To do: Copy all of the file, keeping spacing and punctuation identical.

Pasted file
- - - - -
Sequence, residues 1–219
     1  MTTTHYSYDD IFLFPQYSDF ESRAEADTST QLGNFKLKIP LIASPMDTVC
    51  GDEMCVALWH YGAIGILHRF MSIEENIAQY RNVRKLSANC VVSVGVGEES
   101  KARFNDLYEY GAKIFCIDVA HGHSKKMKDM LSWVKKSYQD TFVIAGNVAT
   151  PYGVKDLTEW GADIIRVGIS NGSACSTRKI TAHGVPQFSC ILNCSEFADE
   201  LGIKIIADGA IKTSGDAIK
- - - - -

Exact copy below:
Sequence, residues 1–219
     1  MTTTHYSYDD IFLFPQYSDF ESRAEADTST QLGNFKLKIP LIASPMDTVC
    51  GDEMCVALWH YGAIGILHRF MSIEENIAQY RNVRKLSANC VVSVGVGEES
   101  KARFNDLYEY GAKIFCIDVA HGHSKKMKDM LSWVKKSYQD TFVIAGNVAT
   151  PYGVKDLTEW GADIIRVGIS NGSACSTRKI TAHGVPQFSC ILNCSEFADE
   201  LGIKIIADGA IKTSGDAIK